First of all, what is OpenGL, anyway? According to Wikipedia, OpenGL is “a standard specification defining a cross-language, cross platform API for writing applications that produce 2D and 3D computer graphics.” The specifications for OpenGL are currently maintained by the Khronos Group, which is a group of people from various companies in related industries.
The full OpenGL library is used by computers to drive the high-powered graphics cards that we put in our machines to play the latest video games and heat up our rooms. But for smaller devices like the iPhone, we use OpenGL ES, which is a subset of the full OpenGL specification. The ‘ES’ stands for Embedded Systems, but don’t think that means it’s not powerful. OpenGL ES on the iPhone is capable of some amazing things, and if you’ve played around with Epic Citadel from Epic Games, you know what I mean.
Originally, the iPhone supported only OpenGL ES 1.1, which you’ll often hear described as a ‘fixed-pipeline’ system, while the more recently-supported OpenGL ES 2.0 is described as having a ‘programmable-pipeline’. But what does that mean to a developer, and why does it matter?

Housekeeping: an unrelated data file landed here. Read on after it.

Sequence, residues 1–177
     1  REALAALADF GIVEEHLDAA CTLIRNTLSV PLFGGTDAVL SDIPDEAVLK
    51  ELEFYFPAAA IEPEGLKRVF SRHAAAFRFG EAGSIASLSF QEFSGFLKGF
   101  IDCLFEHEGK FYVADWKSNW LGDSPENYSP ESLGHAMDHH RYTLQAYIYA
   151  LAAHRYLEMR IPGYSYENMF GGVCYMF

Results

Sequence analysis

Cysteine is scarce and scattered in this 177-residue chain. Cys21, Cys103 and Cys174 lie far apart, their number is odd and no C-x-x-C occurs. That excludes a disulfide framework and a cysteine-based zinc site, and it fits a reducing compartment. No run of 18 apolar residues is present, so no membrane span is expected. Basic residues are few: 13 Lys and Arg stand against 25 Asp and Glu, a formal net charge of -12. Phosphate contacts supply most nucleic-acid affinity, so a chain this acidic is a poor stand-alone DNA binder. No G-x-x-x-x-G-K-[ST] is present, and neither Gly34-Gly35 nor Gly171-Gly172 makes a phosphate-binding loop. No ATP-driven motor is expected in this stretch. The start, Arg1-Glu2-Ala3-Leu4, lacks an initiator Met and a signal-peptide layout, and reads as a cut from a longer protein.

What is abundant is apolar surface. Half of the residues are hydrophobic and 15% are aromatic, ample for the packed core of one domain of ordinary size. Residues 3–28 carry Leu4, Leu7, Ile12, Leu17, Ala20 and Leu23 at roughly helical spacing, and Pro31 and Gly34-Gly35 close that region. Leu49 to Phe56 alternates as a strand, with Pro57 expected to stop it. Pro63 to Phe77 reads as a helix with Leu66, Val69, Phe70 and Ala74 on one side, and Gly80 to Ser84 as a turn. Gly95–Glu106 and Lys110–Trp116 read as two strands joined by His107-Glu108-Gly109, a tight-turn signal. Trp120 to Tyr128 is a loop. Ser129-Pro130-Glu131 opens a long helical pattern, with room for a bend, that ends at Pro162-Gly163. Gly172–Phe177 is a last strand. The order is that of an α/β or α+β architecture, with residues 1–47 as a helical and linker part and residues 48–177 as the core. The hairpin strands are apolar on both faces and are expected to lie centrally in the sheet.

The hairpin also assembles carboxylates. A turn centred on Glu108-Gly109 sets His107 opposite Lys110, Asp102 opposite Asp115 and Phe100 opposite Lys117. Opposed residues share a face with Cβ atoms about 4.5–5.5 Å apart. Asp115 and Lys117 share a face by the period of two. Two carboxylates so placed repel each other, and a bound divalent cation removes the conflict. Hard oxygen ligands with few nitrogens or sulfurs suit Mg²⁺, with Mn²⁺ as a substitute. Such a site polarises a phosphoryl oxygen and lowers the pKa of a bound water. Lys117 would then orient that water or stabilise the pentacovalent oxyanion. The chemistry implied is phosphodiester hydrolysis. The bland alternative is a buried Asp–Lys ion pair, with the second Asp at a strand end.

In OpenGL ES 1.1, the developer was given a library of functions to set data values for the rendering process, such as altering data in matrices for positional and rotational data, and setting up lighting and camera parameters. Once you had specified the available parameters, OpenGL would go off and do its thing, rendering the scene in a particular way using the data provided by the programmer to tweak certain things. Life was good, but a little predictable, because the rendering process (or pipeline) was ‘fixed’.
In OpenGL ES 2.0, all those handy functions for setting up the rendering parameters are gone, and instead we use ‘shaders’, which are little programs that OpenGL will run when it’s time to render something. OpenGL no longer cares what you want it to do with the camera, or the lights, or the objects you have defined. The way these things are rendered are no longer ‘fixed’, they are now altered programmatically, through the shaders that we code, at the appropriate steps in the rendering process (or pipeline), hence the phrase ‘programmable-pipeline’.
With a little extra work, graphics programmers can now do a lot more during the rendering process, and have much more control over how OpenGL will render things.
We’ll learn more about shaders when we go through the template that Xcode uses for its OpenGL ES Application projects.
Rather than spend a lot of time right now going over all of the conceptual bits and pieces of how OpenGL ES 2.0 works, let’s dive right into the Xcode project template and save the explanations for the relevant sections of code. Putting the concepts together with the actual code has always worked best for me, so that’s how I’ll construct this tutorial.